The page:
DLTI post 2: gleanings
Interfaith work and the godblogosphere


Last weekend I returned to leyning, after long absence: I chanted two brief aliyot of Torah during Shabbat mincha services at DLTI. I spent a long time preparing, struggling to make the words and the melody coincide, terrified that when I stood in front of the kahal (community) I would forget every note. When instead the verses flowed smoothly, I was elated...and wanted immediately to do it again.

I'm leading services at my shul tomorrow morning, and I'm planning to leyn those same verses that I chanted last Shabbat afternoon. (At mincha on Shabbat afternoon, we begin reading from the following week's Torah portion, so the lines I learned are appropriate for this Shabbat morning.) Plus this time I'll be doing the aliyah in the middle, too. So today I'm working on learning to chant those middle verses. And I'm wishing I could also chant the translation.

I'm arguably nuts to even consider trying it. Chanting in English requires two different simultaneous processes of translation: first, looking at the Hebrew and remembering what musical notes go with each word (bearing in mind that the musical notation marks, like vowels, don't appear in the scroll.) Then translating the Hebrew into English, and figuring out how to apply the trop markings to the English translation, which inevitably has a different syntax altogether. Often trop markings are meant to highlight a particular word or give it a particular mouth-feel, and retaining that in English can be tricky.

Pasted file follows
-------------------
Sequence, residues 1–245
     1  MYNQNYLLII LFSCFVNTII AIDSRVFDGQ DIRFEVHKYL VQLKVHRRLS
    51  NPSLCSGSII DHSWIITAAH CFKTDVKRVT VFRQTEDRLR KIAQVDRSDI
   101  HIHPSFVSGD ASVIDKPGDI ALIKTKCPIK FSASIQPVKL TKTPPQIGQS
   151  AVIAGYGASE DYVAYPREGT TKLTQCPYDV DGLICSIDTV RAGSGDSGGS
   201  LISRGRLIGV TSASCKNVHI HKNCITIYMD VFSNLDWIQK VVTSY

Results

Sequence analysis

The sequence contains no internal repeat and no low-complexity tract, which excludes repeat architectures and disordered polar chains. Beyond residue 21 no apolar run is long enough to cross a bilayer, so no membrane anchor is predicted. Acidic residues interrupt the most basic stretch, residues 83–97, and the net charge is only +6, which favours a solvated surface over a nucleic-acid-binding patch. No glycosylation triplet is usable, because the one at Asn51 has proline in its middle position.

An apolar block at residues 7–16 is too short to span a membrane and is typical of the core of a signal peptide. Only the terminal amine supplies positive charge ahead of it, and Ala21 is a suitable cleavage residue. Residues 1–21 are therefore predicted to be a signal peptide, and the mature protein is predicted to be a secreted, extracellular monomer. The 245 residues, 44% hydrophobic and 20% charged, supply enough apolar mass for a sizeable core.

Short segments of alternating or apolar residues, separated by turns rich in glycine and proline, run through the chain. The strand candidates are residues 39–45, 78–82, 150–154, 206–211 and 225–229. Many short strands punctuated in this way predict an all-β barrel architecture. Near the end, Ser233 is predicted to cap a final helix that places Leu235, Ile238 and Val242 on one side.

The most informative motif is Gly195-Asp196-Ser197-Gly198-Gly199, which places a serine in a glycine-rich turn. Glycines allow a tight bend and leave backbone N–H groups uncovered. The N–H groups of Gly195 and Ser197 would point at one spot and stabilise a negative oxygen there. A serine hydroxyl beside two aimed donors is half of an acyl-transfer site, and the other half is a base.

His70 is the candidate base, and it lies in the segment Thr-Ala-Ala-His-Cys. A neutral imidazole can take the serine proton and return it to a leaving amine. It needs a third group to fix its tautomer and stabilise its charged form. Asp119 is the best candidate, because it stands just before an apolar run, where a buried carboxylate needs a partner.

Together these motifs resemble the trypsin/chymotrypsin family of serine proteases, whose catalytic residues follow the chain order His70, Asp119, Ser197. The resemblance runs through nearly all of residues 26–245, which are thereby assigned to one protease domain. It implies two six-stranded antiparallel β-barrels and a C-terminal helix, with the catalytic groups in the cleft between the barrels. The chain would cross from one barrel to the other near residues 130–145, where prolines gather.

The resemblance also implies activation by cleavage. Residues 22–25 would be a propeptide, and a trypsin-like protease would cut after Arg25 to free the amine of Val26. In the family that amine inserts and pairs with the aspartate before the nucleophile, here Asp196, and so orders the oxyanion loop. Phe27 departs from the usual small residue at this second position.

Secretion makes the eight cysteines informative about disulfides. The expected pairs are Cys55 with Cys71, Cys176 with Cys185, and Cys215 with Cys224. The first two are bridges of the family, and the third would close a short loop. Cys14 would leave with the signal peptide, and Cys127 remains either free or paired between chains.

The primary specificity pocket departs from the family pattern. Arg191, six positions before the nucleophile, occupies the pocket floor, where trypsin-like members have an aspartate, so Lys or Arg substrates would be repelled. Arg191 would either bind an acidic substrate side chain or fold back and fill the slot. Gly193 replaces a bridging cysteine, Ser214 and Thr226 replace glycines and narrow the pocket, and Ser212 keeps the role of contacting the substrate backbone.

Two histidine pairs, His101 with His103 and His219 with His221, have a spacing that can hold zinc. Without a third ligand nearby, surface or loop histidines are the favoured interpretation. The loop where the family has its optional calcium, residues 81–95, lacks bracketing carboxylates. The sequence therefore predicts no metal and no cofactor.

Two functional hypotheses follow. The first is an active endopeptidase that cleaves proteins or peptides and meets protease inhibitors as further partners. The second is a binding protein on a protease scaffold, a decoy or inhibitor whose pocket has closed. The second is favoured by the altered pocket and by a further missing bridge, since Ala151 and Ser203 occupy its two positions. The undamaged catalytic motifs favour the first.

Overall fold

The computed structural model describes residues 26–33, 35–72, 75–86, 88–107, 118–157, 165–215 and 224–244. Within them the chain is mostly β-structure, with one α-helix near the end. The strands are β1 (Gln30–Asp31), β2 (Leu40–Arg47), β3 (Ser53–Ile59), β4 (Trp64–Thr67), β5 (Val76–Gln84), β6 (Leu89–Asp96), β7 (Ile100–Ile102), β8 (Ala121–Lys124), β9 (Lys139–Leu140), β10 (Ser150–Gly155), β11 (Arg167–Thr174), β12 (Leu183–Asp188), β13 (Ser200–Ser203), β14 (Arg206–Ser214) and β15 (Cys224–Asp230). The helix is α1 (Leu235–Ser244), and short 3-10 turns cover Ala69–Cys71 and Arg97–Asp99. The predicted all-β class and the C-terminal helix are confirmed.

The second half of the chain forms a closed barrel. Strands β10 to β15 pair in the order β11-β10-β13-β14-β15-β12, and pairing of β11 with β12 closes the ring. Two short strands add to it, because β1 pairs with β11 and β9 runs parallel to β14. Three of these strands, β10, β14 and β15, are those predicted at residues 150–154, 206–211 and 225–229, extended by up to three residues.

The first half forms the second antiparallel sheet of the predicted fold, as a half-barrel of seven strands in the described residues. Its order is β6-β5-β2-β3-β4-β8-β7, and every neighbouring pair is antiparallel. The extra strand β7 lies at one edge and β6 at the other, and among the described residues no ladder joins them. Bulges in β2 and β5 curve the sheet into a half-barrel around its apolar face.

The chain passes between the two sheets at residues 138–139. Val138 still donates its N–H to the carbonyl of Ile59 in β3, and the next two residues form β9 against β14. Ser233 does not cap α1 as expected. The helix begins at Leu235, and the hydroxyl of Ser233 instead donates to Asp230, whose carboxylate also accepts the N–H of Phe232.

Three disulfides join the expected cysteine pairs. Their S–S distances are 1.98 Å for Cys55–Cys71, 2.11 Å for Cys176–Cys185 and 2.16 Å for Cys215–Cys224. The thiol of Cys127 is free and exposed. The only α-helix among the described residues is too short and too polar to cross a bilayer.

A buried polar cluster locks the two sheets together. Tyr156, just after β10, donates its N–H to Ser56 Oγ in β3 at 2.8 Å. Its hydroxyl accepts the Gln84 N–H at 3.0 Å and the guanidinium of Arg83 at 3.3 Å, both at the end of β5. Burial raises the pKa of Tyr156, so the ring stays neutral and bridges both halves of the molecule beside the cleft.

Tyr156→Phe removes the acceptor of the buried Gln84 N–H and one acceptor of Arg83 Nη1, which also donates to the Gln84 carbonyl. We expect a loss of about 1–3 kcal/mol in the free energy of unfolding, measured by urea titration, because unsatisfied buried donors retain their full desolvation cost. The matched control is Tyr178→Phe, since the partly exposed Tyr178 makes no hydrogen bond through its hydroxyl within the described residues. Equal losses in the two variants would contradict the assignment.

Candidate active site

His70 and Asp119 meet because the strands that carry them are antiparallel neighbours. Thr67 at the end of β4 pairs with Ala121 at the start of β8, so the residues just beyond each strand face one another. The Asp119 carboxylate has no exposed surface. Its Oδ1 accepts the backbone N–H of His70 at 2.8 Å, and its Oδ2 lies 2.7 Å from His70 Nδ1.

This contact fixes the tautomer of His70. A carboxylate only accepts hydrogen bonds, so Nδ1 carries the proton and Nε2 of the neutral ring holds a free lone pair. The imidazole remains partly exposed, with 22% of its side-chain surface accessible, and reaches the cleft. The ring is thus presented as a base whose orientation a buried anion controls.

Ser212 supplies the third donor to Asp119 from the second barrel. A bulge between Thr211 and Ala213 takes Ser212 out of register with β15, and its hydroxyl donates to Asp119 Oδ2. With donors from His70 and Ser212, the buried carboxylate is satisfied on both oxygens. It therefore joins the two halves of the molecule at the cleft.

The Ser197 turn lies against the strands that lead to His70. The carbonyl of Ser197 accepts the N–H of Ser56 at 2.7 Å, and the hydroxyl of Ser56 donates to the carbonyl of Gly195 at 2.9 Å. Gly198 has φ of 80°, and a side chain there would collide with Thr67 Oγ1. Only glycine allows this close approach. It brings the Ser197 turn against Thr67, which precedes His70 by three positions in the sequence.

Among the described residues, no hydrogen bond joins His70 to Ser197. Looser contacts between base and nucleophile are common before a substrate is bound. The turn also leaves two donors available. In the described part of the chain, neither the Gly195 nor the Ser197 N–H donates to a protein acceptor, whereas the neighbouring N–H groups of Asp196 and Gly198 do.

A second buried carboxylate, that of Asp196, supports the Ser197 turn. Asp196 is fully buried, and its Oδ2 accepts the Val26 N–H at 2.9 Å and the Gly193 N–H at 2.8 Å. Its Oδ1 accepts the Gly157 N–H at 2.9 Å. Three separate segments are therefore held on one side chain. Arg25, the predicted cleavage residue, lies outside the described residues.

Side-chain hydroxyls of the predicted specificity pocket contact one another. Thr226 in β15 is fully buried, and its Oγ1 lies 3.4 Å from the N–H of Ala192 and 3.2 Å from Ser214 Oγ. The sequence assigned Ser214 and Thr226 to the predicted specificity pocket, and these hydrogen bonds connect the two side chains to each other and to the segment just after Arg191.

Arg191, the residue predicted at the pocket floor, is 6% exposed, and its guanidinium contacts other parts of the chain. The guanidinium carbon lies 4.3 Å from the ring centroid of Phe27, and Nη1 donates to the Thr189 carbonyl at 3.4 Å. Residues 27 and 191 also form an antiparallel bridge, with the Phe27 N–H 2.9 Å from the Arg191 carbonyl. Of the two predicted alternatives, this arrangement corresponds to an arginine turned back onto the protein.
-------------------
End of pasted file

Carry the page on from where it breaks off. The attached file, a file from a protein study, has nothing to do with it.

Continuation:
What this is really about, I think, is my desire to straddle two paradigms at once. The more I learn about the ways in which Torah has traditionally been chanted, the more enchanted I am by the melodies, and by this alternate form of musical notation that's so unlike the western stuff I otherwise know. I want to embrace this, to practice it in my own life. But I also don't want to lose the blessings I've found in the interlinear process; reading in a Reform shul has spurred me to focus on understanding what I'm saying, and helping others to understand too, and that's a value I still hold dear.

When done well, bilingual chanting integrates what I value about each of these ways of reading Torah: the preservation of these lilting melodies (which are themselves a form of commentary), and the translation of holy text into a vernacular that congregants understand. Done poorly, it can be jerky, satisfying neither as music nor as intelligible transmission of words and ideas.

As I practice, this afternoon, it's clear to me that my skills here are...patchwork at best. I can render some of the verses easily and cleanly in either language; others trip me up. The verses I've been practicing for weeks now are pretty smooth; the ones I'm just learning today are kicking my ass. Using an academic metaphor, bilingual leyning is a 400-level skill, while I'm still a student in leyning 102.

I'm aware that if I stretch myself too far, I risk breaking the experience for everyone else -- a notion which makes me cringe. So I will probably aspire to chant these three aliyot, and then speak the translation as I normally do...though who knows; maybe I'll manage to chant just the last line in both languages, to give my community a taste for what can be.

Shabbat shalom, all!

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